Poetic Form Fridays are made to share various poetic forms. This week, we look at the kwansaba, a form invented by Eugene B. Redmond.
The kwansaba is a poetic form invented by Eugene B. Redmond in 1995. It was inspired by seven-day holiday of Kwanzaa, including its seven principles of unity, self-determination, collective work, cooperative economics, purpose, creativity, and faith.
Here are the guidelines:
- Poem of praise
- Seven lines
- Seven words per line
- No word exceeds seven letters
- Celebration of family and African-American culture
Write a poem for a chance at $1,000 and publication!
Calling all poets!
We're on the look out for poems of all styles–rhyming, free verse, haiku, and more–for the 14th Annual Writer's Digest Poetry Awards! This is the only Writer's Digest competition exclusively for poets.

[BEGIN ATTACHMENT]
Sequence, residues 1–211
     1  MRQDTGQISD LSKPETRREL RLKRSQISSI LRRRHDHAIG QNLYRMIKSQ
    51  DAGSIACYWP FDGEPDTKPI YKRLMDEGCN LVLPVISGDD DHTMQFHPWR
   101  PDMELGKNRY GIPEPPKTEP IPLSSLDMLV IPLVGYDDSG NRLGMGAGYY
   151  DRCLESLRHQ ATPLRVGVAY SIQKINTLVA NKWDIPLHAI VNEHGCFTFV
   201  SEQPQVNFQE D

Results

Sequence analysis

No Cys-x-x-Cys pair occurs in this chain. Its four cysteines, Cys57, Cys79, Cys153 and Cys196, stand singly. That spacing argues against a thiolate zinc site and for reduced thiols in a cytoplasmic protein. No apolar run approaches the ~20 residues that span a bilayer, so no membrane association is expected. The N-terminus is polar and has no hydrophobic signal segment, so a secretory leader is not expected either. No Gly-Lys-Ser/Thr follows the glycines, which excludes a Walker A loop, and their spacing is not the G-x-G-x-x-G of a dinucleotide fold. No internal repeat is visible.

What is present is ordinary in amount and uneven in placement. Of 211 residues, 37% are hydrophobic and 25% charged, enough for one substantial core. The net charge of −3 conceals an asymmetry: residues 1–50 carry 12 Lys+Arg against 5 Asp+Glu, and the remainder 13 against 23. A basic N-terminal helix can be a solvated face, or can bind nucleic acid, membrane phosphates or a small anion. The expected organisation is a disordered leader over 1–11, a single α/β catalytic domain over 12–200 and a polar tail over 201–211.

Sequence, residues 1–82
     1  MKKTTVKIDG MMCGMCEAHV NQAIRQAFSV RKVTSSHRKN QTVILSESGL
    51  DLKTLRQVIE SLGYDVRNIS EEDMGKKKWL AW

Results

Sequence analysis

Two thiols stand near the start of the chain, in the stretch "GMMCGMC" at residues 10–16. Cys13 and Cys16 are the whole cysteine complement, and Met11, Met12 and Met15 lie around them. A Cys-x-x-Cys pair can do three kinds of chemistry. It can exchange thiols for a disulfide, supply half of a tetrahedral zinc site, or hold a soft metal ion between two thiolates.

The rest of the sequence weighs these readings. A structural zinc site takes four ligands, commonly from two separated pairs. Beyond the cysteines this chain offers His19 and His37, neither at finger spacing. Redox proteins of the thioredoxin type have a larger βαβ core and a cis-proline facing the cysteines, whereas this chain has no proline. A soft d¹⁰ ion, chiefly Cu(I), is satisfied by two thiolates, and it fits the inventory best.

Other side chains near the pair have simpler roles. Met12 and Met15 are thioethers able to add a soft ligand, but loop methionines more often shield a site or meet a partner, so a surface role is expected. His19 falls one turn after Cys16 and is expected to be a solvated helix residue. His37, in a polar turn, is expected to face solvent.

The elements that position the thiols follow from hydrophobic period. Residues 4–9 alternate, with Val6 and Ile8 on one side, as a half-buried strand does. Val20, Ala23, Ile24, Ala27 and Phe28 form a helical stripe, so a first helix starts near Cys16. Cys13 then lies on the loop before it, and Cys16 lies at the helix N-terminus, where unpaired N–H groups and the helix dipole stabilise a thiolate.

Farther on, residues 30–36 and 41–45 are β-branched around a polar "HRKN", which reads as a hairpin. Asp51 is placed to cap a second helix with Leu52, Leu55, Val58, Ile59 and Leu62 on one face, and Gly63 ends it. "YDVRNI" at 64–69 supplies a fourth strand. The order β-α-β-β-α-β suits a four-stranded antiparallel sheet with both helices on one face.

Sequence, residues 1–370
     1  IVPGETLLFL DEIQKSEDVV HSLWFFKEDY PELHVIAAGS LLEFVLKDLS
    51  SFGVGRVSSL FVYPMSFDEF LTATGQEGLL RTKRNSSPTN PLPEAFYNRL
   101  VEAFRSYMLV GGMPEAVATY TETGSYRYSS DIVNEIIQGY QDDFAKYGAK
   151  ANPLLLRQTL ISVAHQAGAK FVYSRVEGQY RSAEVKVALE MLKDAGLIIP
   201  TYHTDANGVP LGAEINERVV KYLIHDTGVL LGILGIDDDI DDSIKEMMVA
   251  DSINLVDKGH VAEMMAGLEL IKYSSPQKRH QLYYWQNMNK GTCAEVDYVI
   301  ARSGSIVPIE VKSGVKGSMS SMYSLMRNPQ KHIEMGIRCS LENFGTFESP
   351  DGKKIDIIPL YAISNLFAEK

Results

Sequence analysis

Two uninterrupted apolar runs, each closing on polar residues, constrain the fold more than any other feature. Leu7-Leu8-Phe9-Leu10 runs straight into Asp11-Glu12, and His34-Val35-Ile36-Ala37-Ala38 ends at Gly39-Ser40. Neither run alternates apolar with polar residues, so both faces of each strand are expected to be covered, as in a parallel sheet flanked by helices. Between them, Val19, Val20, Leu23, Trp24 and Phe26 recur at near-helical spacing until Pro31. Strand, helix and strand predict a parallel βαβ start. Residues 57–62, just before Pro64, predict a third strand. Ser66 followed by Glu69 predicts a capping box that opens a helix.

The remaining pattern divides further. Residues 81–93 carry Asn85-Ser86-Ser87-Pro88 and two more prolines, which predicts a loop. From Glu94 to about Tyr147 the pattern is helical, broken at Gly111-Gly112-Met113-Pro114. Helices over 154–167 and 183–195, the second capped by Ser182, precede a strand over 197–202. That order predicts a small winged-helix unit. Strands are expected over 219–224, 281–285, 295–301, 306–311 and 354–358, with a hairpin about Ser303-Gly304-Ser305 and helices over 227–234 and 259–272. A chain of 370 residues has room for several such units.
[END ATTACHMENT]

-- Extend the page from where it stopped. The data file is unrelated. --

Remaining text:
Enter any poem 32 lines or less for your chance to win $1,000 in cash and publication in a future issue of Writer's Digest magazine.
Deadline is November 1, 2019. So enter today!
Here’s my attempt at a kwansaba:
Celebration, by Robert Lee Brewer
- for the Iberosi family
When memory unfolds moments in my mind,
these are the moments I hold close--
being invited to rejoice in the baptism
of twin girls in a foreign church
singing and dancing in a foreign tongue
but sharing the common joy of life
and a faith in a loving future...